A friend said this is the most consistent blog she knows, and we have been diligent for a long time. The truth is that as at this moment, there are six committed ladies dedicated to making sure you get all you need on this blog on a daily basis – yes, DAILY! And they do it purely for nothing but the love of healthy hair. You can click the African Naturalistas team tab up there or here to find out more about the brains behind this blog. They are the oils running this machine.

This blog has given birth to two full time businesses – a hair products business and a hair consultancy business, and we are grateful you all made it happen.

Once again, we thank our followers, readers, commenters, and every stakeholder of African Naturalistas. We will never take you for granted. The things we will do in future, you have no idea.

Love and kisses.

@ilola

For the African Naturalistas Team

Saturday, 18 April 2015

4 Simple Little Bride Wedding Hairstyles for Natural Hair

4 Simple Little Bride Wedding Hairstyles
By DiscoveringNatural

The Princess Braid

This style gives an effortless soft look. It is best done on hair that has been stretched. To achieve the wave pattern, do a chunky twistout on the hair prior to styling.

Click here or watch the tutorial below



Rolled Up Bun

4 Simple Little Bride Wedding Hairstyles

This 5-minute hairstyle can be achieve with long or short hair. With shorter hair, add marley hair to create a puffier and bigger bun. Click here to see how to achieve this similar style with shorter hair.

Click here or watch the tutorial below



Flower Updo with Cornrows and Twists
This style created by Beads Braids & Beyond is classy and it has so many cute details that suites the occasion. To recreate this look, click here.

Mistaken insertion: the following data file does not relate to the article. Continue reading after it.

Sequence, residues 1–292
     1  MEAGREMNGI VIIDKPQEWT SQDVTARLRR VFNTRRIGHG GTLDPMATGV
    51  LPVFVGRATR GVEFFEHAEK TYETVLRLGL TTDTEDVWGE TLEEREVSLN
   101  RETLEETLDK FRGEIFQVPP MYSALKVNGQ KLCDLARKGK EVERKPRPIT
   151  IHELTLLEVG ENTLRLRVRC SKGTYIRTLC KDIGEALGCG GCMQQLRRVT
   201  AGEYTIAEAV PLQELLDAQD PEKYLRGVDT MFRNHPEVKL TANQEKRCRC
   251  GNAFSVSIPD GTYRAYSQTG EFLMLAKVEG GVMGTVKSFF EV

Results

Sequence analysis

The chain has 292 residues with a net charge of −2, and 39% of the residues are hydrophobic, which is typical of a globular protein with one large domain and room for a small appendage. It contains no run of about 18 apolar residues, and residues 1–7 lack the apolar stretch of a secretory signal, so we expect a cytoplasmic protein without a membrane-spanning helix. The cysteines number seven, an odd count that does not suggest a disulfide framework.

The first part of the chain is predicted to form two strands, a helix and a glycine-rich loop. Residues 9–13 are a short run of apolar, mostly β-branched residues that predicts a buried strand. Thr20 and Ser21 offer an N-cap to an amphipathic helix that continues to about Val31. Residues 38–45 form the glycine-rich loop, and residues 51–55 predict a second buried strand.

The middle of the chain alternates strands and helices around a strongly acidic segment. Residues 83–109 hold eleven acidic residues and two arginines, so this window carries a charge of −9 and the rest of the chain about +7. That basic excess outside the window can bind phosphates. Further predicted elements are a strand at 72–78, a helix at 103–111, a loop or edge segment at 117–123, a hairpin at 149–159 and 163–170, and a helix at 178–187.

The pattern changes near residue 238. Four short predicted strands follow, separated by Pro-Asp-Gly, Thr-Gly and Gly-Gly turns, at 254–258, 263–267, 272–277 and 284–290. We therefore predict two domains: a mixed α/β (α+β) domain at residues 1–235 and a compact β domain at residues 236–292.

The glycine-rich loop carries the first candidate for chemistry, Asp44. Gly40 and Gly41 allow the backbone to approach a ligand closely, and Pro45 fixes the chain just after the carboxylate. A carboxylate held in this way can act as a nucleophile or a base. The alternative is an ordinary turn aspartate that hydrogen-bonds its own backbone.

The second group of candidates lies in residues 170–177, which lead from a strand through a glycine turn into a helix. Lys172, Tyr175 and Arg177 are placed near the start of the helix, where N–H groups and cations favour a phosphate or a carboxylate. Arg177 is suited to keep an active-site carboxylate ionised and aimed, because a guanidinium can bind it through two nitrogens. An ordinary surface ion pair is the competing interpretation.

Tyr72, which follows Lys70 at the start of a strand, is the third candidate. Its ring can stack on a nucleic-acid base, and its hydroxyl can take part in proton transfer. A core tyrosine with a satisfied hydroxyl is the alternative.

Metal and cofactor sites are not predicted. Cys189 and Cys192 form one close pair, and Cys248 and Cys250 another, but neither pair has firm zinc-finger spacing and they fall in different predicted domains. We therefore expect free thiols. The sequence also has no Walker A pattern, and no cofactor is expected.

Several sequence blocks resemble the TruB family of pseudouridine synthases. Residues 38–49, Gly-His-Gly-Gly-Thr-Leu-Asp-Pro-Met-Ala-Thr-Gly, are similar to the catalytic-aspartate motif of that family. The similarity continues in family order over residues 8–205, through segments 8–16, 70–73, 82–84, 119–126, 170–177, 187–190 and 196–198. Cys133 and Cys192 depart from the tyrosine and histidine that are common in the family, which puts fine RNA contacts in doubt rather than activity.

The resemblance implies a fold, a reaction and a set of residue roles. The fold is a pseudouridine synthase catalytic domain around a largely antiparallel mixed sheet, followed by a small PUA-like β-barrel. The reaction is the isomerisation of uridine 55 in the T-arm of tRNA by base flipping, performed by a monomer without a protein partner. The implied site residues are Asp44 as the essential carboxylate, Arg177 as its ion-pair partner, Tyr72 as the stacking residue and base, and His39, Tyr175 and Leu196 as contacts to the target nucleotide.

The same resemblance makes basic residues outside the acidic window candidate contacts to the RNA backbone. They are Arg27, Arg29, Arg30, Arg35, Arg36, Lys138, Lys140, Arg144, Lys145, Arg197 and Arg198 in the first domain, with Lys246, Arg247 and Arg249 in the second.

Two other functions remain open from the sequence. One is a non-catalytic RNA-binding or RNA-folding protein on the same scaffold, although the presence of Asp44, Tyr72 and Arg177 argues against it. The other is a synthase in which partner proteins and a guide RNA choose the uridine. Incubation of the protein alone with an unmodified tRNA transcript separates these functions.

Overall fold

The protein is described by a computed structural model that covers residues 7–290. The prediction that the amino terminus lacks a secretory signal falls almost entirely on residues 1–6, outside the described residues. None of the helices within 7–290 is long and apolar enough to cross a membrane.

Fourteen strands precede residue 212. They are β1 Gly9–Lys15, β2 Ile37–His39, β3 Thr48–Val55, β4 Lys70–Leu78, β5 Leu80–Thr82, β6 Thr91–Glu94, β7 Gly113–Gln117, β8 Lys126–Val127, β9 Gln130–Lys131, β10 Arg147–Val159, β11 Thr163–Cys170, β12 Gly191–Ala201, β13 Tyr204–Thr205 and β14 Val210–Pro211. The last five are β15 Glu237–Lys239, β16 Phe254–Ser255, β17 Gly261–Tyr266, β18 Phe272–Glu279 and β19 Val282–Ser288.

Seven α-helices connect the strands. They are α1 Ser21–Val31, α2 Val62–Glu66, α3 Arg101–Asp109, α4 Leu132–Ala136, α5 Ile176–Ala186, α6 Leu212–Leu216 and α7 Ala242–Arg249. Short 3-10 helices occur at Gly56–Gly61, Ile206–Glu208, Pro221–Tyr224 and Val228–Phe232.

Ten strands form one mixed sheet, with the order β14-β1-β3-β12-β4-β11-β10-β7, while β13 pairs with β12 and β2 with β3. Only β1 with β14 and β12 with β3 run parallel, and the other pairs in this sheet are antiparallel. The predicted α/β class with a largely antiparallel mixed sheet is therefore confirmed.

Cinnabuns and Flat Twists

These cute cinnabuns at the top of the hair creates a cute almost flowery look to this hairstyle. If you don't know how to flat twist, here is a similar style without flat twisting. Click here.
To achieve this look and see more pictures, visit Beads Braids & Beyond blog by clicking here.

Friday, 17 April 2015

Natural Hair Meet-Ups: Do's and Don'ts

In the natural hair world, over the years, numerous meetups and conferences have cropped up all over. They range from large conferences with international speakers, to meet-ups with a dozen people just sharing knowledge about natural hair. I've been to a few myself, and shared my experiences here and here.

DO
  • Be Friendly! At these meetings, there are many other naturalistas, vendors, and speakers attending as well. This is the time for you to smile and make connections. I have met quite a few people at hair meetups, including a hair salon owner who I can count on for hair disasters.
  • Be Flexible! Naturally (pun intended) different people will have differing opinions on various topics - LOC, LCO, LOCO, etc for instance. Or you wash your hair weekly, and encounter someone who washes their hair once a month. Now is not the time to start arguing about the best or ultimate rules for hair care. Be open-minded enough to hear and appreciate someone else's experience, while remaining confident in your hairstory.